Search Images Maps Play YouTube News Gmail Drive More »
Sign in
Screen reader users: click this link for accessible mode. Accessible mode has the same essential features but works better with your reader.

Patents

  1. Advanced Patent Search
Publication numberUS3056143 A
Publication typeGrant
Publication dateOct 2, 1962
Filing dateSep 4, 1959
Priority dateSep 4, 1959
Publication numberUS 3056143 A, US 3056143A, US-A-3056143, US3056143 A, US3056143A
InventorsFoster Benton
Original AssigneeFoster Benton
Export CitationBiBTeX, EndNote, RefMan
External Links: USPTO, USPTO Assignment, Espacenet
Apparatus for automatically flushing a toilet bowl or the like
US 3056143 A
Images(1)
Previous page
Next page
Description  (OCR text may contain errors)

B. FOSTER APPARATUS FOR AUTOMATICALLY FLUSHING A TOILET BOWL OR THE LIKE Filed Sept. 4, 1959 illlll? fill/A INVENTOR .5692 3092 fa @Zew BY 02 a.% ATTORNEY llnited States Patent Ofifice 3,056,143 Patented Oct. 2, 1962 3,056,143 APPARATUS FOR AUTOMATICALLY FLUSHING A TOILET BOWL OR THE LIKE Benton Foster, Rte. 1, Box 116, Ceresco, Mich. Filed Sept. 4, 1959, Ser. No. 838,313 1 Claim. (Cl. 4--249) The present invention relates broadly to automatically operated equipment, and in its specific phase to an automatically operated flushing means for toilets in public buildings and the like.

Many people, after using the facilities of toilets in municipal rest rooms, hotels, motels, ofiice buildings, stores and the like, and even those in the home, do not like to handle the toilet flushing lever and hence leave without flushing the hopper which thus creates unsanitary and otherwise undesirable conditions with resultant spread of communicable diseases such as venereal, hepatitis, et cetera. It was a recognition of this problem, and the complete lack of any commercially in use apparatus for taking care of same which led to the conception and develcpment of the present invention.

Accordingly among the objects of the present invention is the overcoming of this condition by providing, in a simple and novel manner, for automatic flushing upon entering and/ or leaving the enclosure in which the stool or hopper is situated.

In carrying out the above end, another object is to provide an electrical actuating device for opening the flush valve, whether in a water line or in a flush tank, and a switch for completing an actuating circuit for said valve actuating device, said switch being automatically operated when a person enters and/ or leaves the enclosure in which the stool or hopper is installed.

A further object is to control the switch by means of the door of the enclosure, to thereby cause closing of said switch and flushing of the stool or hopper when said door is opened in entering and/ or leaving said enclosure.

Yet another object is to provide a simple flush-valveactuating device for stools or hoppers which may be readily installed to actuate a conventional flush-valve handle, as if the handle were operated by hand.

With the above and still other objects in view, and which will be apparent when the nature of the invention is better understood, the same consists of the novel construction, combination and arrangement of parts to be hereinafter more fully described.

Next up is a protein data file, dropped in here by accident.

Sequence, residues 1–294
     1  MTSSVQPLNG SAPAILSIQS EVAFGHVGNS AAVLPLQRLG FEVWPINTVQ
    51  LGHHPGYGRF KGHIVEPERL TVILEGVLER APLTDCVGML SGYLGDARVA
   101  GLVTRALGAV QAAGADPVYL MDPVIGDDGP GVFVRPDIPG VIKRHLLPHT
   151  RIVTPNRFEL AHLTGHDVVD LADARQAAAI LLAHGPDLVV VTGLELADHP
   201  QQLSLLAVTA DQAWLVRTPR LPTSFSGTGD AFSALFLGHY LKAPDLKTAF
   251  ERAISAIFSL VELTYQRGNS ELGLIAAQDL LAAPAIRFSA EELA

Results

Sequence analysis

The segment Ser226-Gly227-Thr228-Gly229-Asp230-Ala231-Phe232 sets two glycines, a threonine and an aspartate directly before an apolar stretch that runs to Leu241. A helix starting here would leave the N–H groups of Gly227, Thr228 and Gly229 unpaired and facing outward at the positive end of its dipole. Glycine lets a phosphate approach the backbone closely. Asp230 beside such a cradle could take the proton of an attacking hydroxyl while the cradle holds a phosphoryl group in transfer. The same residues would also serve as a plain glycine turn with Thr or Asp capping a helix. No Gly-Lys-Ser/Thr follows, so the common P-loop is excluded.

To the accomplishment of the foregoing and related ends, the invention, then, consists of the automatic flushing means hereinafter fully described and particularly pointed out in the claim, the annexed drawing and the following description setting forth in detail certain means for carrying out the invention, such disclosed means illustrating, however, but several of various ways in which the principle of the invention may be used.

In the annexed drawing:

FIGURE 1 is a front elevation, partly broken away, showing the invention associated with the handle of the flush valve of a hopper situated within an enclosure or stall of a public rest room or the like, the flush valve being within the water line, and the seat being omitted for clarity of illustration.

FIGURE 2 is a detail vertical sectional view as taken on line 22 of FIGURE 1, looking in the direction of the arrows, and diagrammatically showing an illustrative type of door-controlled switch.

FIGURE 3 is a diagrammatic vertical sectional view of an illustrative form of flush valve actuator, wherein the actuator is of solenoid type with the actuating coil being shown in elevation.

FIGURE 4 is a fragmentary elevation diagrammatically showing the fiush valve actuator associated with the flushvalve-operating handle of a flush tank.

FIGURE 5 is a detail view showing a saddle with which the actuator may be provided, to straddle the flushvalve-operating handle.

The illustrative constructions and arrangements shown in the drawing will be rather specifically described in the positions shown, but attention is invited to the possibility of making variations, even to the extent of using a treadle or an electronic eye to close the electric circuit and cause operation of the flush-valve-actuator, all of which it is intended that the drawing be considered to diagrammatically illustrate.

In FIGURE 1, a toilet stool or hopper 10 is shown within a stall 11 having an inwardly closable door 12. Spring hinges 13 are shown to close the door 12 against a stop 14, and a knob 15 is shown for pulling said door open.